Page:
Electromagnetic spectrum and visible light
The electromagnetic spectrum also covers all wavelengths of light may have, from thousands of miles to femtómetros. That's why most of the schematic representations are usually logarithmic scale.
Across the spectrum, the portion that human beings can see is very small compared to other spectral regions. This region, called the visible spectrum comprises wavelengths from 380nm up to 780nm. The light from each of these wavelengths is perceived by the human eye as a different color, so, in the breakdown of white light in all wavelengths by prisms or by rain in the rainbow, eye sees all colors. See figure 1.
The color temperature of light source is defined by comparing its color within the light spectrum with light to emit a black body heated to a given temperature. For this reason the color temperature in degrees Kelvin, while not explicitly reflect a temperature measurement, being the same only a relative measure. See figure 2.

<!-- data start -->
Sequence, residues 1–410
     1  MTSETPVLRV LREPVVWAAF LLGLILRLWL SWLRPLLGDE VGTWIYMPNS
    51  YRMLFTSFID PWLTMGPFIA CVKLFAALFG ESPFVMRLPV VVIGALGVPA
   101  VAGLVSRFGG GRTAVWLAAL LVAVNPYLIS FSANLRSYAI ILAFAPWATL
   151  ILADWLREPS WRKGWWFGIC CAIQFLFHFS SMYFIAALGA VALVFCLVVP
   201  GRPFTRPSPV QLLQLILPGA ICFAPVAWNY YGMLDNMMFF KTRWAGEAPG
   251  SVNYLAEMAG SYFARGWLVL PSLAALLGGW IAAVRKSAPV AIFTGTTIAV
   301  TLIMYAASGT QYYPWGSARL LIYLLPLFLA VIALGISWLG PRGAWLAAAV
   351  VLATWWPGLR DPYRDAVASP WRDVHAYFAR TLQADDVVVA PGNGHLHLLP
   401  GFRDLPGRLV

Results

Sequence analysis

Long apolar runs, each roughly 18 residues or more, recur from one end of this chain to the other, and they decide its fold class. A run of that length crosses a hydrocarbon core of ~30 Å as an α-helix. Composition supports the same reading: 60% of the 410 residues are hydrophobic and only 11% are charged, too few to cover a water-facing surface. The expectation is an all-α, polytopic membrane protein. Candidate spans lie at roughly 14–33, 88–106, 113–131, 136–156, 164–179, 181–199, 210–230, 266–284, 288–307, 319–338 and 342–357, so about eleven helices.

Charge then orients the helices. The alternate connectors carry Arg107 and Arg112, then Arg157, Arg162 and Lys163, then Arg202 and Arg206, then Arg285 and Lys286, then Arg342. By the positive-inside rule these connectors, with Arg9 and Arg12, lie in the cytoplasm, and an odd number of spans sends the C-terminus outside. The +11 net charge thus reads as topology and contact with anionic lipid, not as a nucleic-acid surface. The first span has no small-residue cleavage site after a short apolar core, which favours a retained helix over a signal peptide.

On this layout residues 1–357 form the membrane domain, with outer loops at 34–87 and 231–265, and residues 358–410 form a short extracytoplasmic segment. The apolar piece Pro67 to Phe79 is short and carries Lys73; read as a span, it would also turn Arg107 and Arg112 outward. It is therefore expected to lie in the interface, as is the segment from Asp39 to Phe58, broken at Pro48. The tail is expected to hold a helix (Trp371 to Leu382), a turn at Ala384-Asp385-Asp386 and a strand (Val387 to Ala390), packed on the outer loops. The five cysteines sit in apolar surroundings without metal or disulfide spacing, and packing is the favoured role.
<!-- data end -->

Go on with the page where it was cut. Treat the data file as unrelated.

- 1700 K: Light a match.
- 1850K: Candlelight.
- 2800 K: Incandescent or tungsten (standard household lighting.)
- 3200 K: Tungsteno (professional lighting).
- 500 K: Daylight, electronic flash (approx).
- 55770 K: Color temperature of pure sunlight.
- 6420 K: Xenon lamp.
- 9300 K: Screen TV (CRT)
- 28000 to 30000 K: Lighting